Carrie said...

Welcome, Myles! Great review.

This show is so much more than I thought it would be at first glance, and I'm really enjoying how they are developing all of the characters. Although they are all stereotypes and caricatures to a certain point, the writers and actors have done a wonderful job of making them all seem three dimensional and human. Also, although none of these people look like they should be related it still feels like they are a family.

I think the reason this show ultimately works is because of Nick's character grounding the ridiculousness of the Darlings. Peter Krause is doing a great job putting nuance into a part that could feel really stale each week. I think it is interesting to watch his struggle each week to not become his father while still, at heart, truly sort of enjoying working for the Darlings. I hope they don't play out this "Karen is in love with Nick" thing forever, though. If Nick ever cheated on his wife with her it would completely feel false to me.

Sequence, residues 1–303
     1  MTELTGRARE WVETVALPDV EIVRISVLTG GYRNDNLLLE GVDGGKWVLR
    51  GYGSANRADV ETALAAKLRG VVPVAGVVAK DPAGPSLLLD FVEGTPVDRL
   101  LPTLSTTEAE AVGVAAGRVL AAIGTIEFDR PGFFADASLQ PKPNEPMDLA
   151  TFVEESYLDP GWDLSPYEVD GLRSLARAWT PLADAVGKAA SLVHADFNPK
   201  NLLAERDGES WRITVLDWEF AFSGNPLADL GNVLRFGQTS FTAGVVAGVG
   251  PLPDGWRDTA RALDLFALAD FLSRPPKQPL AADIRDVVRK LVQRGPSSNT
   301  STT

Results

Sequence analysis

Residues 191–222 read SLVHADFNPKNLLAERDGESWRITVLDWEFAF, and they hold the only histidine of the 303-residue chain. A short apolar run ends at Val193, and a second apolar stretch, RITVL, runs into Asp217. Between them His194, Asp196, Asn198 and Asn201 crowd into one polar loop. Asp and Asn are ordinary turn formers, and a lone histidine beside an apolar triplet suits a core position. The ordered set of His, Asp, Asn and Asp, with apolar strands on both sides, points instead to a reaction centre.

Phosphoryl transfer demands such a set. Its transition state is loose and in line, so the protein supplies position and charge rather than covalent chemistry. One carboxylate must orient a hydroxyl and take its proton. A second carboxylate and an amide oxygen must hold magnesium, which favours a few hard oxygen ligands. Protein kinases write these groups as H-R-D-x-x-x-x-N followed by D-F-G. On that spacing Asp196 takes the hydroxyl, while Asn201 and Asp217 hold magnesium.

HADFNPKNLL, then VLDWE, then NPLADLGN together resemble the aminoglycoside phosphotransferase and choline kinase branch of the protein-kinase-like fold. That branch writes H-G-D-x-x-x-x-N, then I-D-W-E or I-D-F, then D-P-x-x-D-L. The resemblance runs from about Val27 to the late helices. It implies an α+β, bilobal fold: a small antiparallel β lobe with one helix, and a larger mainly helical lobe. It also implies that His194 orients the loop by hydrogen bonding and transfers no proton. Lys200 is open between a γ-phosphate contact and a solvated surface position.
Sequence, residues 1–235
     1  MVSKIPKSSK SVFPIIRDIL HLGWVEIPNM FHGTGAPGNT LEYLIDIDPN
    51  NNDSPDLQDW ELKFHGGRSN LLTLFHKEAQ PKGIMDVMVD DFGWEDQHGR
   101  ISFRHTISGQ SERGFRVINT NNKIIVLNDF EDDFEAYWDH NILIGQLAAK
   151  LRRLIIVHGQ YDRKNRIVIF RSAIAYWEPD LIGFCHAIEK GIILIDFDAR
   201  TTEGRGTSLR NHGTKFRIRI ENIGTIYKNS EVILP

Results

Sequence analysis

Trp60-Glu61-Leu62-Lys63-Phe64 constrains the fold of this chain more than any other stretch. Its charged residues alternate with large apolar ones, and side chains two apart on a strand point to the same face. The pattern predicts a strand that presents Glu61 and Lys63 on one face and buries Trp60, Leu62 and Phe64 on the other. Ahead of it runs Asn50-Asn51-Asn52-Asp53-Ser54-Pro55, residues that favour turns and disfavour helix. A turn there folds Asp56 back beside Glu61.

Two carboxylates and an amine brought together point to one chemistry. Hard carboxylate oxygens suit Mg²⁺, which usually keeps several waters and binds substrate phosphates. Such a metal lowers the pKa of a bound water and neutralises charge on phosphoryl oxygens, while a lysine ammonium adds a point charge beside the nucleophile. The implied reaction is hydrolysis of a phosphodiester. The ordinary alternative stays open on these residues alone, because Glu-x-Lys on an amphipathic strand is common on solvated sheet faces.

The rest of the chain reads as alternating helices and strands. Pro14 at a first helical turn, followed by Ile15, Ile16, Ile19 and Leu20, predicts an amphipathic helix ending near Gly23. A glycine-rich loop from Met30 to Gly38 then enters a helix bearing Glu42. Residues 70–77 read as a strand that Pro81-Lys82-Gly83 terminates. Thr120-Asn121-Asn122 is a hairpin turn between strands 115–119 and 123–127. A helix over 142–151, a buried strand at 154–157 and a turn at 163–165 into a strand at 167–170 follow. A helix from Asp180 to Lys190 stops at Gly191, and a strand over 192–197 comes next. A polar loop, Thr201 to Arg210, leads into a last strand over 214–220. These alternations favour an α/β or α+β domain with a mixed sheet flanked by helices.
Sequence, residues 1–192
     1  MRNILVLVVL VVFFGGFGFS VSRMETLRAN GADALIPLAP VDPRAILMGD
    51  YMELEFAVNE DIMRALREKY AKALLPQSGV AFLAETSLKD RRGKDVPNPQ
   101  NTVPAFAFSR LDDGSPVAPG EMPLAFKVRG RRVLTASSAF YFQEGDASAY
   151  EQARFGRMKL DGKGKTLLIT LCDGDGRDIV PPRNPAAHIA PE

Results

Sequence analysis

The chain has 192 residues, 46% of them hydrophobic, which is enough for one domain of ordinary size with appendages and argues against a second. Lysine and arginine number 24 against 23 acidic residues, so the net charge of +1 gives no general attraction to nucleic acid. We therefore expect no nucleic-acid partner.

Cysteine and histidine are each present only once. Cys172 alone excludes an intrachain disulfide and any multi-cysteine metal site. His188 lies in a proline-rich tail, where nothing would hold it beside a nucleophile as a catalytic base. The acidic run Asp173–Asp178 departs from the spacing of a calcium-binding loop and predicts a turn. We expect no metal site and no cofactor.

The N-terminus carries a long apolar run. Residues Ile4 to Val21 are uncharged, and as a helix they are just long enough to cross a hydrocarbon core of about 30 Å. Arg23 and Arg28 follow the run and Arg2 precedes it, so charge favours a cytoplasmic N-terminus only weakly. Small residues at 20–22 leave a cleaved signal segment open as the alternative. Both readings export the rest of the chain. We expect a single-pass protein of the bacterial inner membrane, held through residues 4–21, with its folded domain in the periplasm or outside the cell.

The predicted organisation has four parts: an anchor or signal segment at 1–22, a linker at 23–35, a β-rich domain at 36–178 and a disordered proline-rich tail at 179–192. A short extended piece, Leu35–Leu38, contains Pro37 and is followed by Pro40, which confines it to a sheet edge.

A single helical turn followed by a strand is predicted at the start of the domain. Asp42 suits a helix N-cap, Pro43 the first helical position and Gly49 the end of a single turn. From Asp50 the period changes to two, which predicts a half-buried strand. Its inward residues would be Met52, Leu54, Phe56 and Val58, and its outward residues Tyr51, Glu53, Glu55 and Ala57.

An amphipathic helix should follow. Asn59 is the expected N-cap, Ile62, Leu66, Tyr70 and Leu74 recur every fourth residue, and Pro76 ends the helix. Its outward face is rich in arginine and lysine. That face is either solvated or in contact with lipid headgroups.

One other reason to like this show? They used a beautiful song by Dan Wilson this week. (Dan's the lead singer of Semisonic, a criminally underrated band.)

Myles said...

Thank you for the welcome Carrie, and for sending me on a frantic search to find out why, in the past year, I would have had reason to pause at the name Dan Wilson. The answer? He co-wrote The Dixie Chicks' "Not Ready to Make Nice" and was at the Grammys. And then my brother, being much more versed in mid-90s pop-rock and music in general, informed me of the connection. [My other fun connection: coincidentally, the show isn't airing this week thanks to the Country Music Awards. Freaky, eh?]

I would tend to agree in regards to the Karen and Nick situation...I think that they've got a serious conundrum in that Nick is the show's rock and yet it will become very boring if he lacks moral complexity. He's got to screw up a little, but I think anything in regards to adultery is pushing the limits, especially considering that Brian, Tish, Patrick and Karen are already partaking. Krause has nuance, but the character will have to make some movement.